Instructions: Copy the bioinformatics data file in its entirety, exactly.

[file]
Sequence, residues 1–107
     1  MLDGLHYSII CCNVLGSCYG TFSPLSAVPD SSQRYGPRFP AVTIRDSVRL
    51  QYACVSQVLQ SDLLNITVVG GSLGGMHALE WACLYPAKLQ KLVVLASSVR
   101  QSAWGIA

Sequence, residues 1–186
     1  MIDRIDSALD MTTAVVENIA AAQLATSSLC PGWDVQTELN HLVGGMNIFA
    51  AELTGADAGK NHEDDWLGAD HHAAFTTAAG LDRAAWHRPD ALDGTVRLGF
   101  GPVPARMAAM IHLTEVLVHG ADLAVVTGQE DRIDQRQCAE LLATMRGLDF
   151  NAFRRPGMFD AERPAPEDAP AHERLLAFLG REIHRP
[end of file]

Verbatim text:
Sequence, residues 1–107
     1  MLDGLHYSII CCNVLGSCYG TFSPLSAVPD SSQRYGPRFP AVTIRDSVRL
    51  QYACVSQVLQ SDLLNITVVG GSLGGMHALE WACLYPAKLQ KLVVLASSVR
   101  QSAWGIA

Sequence, residues 1–186
     1  MIDRIDSALD MTTAVVENIA AAQLATSSLC PGWDVQTELN HLVGGMNIFA
    51  AELTGADAGK NHEDDWLGAD HHAAFTTAAG LDRAAWHRPD ALDGTVRLGF
   101  GPVPARMAAM IHLTEVLVHG ADLAVVTGQE DRIDQRQCAE LLATMRGLDF
   151  NAFRRPGMFD AERPAPEDAP AHERLLAFLG REIHRP